American Pitcher Plants

Basic Cultivation of Sarracenia Pitcher Plants


Written by Michael Stiffler –


New England Carnivorous Plant Society –


General information

The genus Sarracenia are pitcher plants found mostly in the southeastern USA, except for S. purpurea whose natural range extends north into New England, the Midwest, and much of Canada. Most are tall trumpet shaped plants, but a few species such as S. purpurea and S. psittacina are much shorter. Sarracenia are pitfall traps, prey simply fall into the pitchers and cannot escape. Prey are primarily insects, which are attracted to the pitchers by their coloration and nectar. Several species also produce a variety of chemicals, including digestive enzymes, wetting agents, and insect narcotics. Sarracenia are relatively easy to grow outdoors in New England if provided plenty of sunlight, proper soil, are always kept wet with mineral-free water, and are protected from extremely cold temperatures and drying winds during the winter dormancy period.


Species: S. purpurea, S. flava, S. rubra, S. alata, S. leucophylla, S. oreophila, S. minor, S. psittacina; hybrid species occur fairly frequently in the wild and many others have been bred by growers.



Soil: An easily obtainable mix is one part each of peat and perlite. Inert sand (e.g. pool filter sand) can be used instead of perlite, though this makes large pots extremely heavy. Long-fibered sphagnum can also be used, though later repotting can be difficult. 


Containers: Plastic pots with drainage holes are typically used. Mature plants will need large pots (eight inches or larger).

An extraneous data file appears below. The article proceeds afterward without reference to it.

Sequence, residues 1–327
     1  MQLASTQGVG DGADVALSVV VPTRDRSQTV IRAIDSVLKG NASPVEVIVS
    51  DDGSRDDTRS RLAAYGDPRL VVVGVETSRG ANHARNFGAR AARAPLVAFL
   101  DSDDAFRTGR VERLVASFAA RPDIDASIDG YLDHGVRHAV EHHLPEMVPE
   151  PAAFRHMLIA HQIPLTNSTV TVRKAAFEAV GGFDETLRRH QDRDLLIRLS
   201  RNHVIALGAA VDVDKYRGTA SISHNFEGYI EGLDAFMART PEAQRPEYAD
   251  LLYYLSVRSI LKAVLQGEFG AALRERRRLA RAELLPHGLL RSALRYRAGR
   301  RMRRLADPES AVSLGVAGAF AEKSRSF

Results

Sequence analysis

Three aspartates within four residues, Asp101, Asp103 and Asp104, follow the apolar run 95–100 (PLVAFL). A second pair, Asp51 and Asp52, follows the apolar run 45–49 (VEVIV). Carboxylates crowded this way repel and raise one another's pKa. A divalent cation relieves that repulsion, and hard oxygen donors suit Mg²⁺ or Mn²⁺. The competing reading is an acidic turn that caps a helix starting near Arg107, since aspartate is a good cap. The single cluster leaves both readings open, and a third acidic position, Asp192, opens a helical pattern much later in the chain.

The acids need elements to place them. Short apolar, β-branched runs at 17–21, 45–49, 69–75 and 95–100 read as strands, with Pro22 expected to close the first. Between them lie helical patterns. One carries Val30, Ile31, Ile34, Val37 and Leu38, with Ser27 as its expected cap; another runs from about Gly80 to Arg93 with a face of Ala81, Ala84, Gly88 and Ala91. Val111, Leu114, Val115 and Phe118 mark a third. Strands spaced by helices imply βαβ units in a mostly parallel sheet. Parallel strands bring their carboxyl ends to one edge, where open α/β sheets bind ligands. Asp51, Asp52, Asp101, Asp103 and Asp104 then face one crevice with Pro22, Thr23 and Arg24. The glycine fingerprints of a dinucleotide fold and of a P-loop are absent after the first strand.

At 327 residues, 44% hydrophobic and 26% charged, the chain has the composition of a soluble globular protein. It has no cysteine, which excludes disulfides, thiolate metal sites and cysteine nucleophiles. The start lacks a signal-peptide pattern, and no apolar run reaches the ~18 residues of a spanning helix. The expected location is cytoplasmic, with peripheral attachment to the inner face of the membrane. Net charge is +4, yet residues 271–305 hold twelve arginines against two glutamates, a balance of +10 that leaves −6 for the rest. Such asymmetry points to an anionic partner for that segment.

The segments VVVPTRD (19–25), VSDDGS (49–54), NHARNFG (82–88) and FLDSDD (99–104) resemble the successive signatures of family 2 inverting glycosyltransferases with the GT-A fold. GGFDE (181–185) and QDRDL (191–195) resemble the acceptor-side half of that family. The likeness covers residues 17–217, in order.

Watering: Use only chlorine free water with low mineral content such as distilled, reverse osmosis or rain water. Use the tray method keeping the pot in ½ inch or more of standing water – the soil should never dry out. Use mosquito dunks to prevent mosquitos breeding in water trays. 


Light: Sarracenia need intense light for good growth, best grown outdoors where they can get full sunlight 6+ hours per day during the growing season (April through October in New England).


Growing conditions: Are poor candidates for terrariums due to their height and overall size, and light requirements. Do best outdoors placed in pots or in bog gardens. 


Dormancy: All species require three to four months of winter dormancy (November through March in New England). For more details, see care sheet “Overwintering Temperate Carnivorous Plants in New England” written by Mike Stiffler.


Feeding: Outdoors they will attract and feed themselves on houseflies, bees, moths, beetles, etc. often to the point of toppling over. 


Propagation: Easiest to propagate by rhizome divisions. The best time to divide is in early spring when coming out of dormancy. Can also be grown from seed; flowers do not self-pollinate.   


New England Carnivorous Plant Society –